Back then Churchill was raw from his defeat but later, according to my mother, he was deeply gratified to receive the honour at the hands of his new sovereign. Among the many letters of congratulation Churchill received was one from a fishmonger from Blackpool who sent – separately one hopes – “the best halibut I could find”.
On April 24 1952, the Queen invested my grandfather with the Order at Windsor Castle and the following year, on the day of the Coronation, he left No 10 Downing street dressed in his Garter robes, worn over the uniform of the Warden of the Cinque Ports. He was, of course, accompanied by my grandmother, Clementine, who looked sensational in a borrowed tiara and the petunia satin robe of the Order of the British Empire.
Aged barely four, I was photographed with my gloriously attired grandparents on the steps of No 10 with my knobbly knees and short white socks. Apparently I watched the procession with my brother from the windows of Whitehall but sadly I have no memory of this other than the photographic evidence.
For adults, it was a summer of great celebrations and London sparkled with parties – by all accounts, tiaras, dress uniforms and decorations were worn almost every night. In the week before the Coronation, there was a Coronation Ball at the Albert Hall, preceded by a splendid dinner at No 10 Downing Street hosted by the Churchills. This was followed by the Household Brigade’s Ball at Hampton Court, where the Queen looked radiant as she took to the dance floor with her handsome husband.
The Churchills also hosted a dinner for the Queen at Lancaster House three days after the Coronation for all the visiting heads of state. According to Jacqueline Bouvier (later Mrs Kennedy) who was reporting for a Washington paper, Claridge’s was full of deposed royalty who all had to get their hair done at 3am on Coronation day in order to get to their seats in Westminster Abbey by 6.30am, wearing their tiaras.
After the giddy excitement of the coronation year, the working relationship between Churchill and the Queen continued until he retired in 1955. The night before his resignation, the Queen attended a dinner at No 10 Downing Street where, in full regalia, she was greeted by her Prime Minister in his last 24 hours in office. Proposing the Queen’s health, Winston reminded the 50-odd guests that it was a toast he’d enjoyed drinking during the days when he was a cavalry subaltern in the reign of Her Majesty’s great-great-grandmother, Queen Victoria. He also spoke of “the wise and kindly way of life of which Your Majesty is the young and gleaming champion”. When he sat down the Queen rose and charmingly and simply proposed the health of “My Prime Minister”.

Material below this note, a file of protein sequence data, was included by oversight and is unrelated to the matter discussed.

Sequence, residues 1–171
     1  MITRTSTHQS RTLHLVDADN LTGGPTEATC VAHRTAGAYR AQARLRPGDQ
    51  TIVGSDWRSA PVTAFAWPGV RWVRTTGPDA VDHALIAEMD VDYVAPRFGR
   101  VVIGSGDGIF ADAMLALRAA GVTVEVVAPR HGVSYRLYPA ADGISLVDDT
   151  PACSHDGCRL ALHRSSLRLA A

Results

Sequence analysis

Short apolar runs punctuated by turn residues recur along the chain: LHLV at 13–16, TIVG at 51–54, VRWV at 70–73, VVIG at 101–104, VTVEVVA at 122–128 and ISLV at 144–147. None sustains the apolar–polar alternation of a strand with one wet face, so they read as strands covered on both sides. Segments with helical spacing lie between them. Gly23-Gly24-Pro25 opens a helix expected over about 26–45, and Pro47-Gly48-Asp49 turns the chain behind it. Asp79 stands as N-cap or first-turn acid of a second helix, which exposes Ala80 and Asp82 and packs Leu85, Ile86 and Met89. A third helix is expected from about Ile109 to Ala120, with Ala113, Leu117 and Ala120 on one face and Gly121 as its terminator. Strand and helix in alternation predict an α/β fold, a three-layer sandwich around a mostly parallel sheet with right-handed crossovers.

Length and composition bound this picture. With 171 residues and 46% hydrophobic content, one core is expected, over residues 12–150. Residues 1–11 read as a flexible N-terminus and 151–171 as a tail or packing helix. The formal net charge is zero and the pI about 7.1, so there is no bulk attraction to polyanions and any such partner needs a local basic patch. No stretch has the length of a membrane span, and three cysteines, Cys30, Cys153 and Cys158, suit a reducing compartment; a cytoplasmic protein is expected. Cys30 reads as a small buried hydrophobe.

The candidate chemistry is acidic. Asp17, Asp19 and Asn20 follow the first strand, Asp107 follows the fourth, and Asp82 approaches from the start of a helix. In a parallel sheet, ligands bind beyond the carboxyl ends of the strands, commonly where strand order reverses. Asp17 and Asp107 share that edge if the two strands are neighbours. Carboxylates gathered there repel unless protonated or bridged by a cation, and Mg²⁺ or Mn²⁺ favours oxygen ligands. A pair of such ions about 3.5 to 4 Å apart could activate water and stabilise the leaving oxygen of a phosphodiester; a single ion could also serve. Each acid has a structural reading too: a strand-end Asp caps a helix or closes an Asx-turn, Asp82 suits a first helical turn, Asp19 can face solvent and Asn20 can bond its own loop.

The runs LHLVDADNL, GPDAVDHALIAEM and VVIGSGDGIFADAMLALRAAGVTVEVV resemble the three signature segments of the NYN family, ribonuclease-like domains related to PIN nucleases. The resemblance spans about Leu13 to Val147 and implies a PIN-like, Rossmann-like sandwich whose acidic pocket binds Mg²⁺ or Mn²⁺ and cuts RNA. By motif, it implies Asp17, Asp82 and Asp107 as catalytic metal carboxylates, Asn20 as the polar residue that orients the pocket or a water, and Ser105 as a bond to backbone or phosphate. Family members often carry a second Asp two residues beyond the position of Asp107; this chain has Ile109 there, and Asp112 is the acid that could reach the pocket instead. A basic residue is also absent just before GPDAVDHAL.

After his retirement he inevitably saw less of the Queen, but they kept in touch on the matter of racehorses; most memorably when the Queen’s horse roundly beat Churchill’s famous Colonist II. Churchill fired off a generous telegram of congratulation to which she immediately responded saying she was sorry he was not in closer attendance.
Seven years before his death the Queen let it be known that she wished him to have a state funeral and a lying in state – which would make him the first commoner to be honoured in this way since the Duke of Wellington. According to my mother, my grandfather was deeply touched and gratified by the gesture “from the sovereign whose family he had so long served, and for whose person he had such a great regard and affection”. His family, of course, thought the same but none of us wished to dwell on a future without him.
My mother, despite knowing the Queen for nearly her whole life, has never been part of her close circle. But more than 50 years after her father was made a Knight, the Queen invited her to become a Lady Companion of the Garter. When she was invested at Buckingham Palace in 2005, the Queen made a point of telling her that it was Churchill’s collar she was wearing as part of the Garter insignia. It was a proud yet humbling moment for my mother that will stay with her forever. “I am bereft of words to convey my gratitude which is indeed heartfelt,” she wrote after the investiture.
And so the paths of the Royal family and the Churchills crossed again, and they are still doing so. My brother Nicholas served as an Equerry to the Prince of Wales shortly after he left Oxford, and six years ago Earl Peel – who is married to my sister Charlotte – became Lord Chancellor, the senior official in the Royal Household. When asked, we will always follow in my grandfather’s footsteps and do our bit. But I’m almost certain there will be no more State Funerals – at least for this generation.